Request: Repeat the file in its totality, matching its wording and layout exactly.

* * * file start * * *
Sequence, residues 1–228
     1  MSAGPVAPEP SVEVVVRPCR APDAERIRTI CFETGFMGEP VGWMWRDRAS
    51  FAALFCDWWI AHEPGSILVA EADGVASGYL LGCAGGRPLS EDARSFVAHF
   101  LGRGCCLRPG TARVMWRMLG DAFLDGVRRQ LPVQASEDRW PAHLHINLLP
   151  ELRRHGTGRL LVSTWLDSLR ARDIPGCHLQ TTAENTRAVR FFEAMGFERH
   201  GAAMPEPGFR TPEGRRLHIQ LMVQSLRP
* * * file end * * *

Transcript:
Sequence, residues 1–228
     1  MSAGPVAPEP SVEVVVRPCR APDAERIRTI CFETGFMGEP VGWMWRDRAS
    51  FAALFCDWWI AHEPGSILVA EADGVASGYL LGCAGGRPLS EDARSFVAHF
   101  LGRGCCLRPG TARVMWRMLG DAFLDGVRRQ LPVQASEDRW PAHLHINLLP
   151  ELRRHGTGRL LVSTWLDSLR ARDIPGCHLQ TTAENTRAVR FFEAMGFERH
   201  GAAMPEPGFR TPEGRRLHIQ LMVQSLRP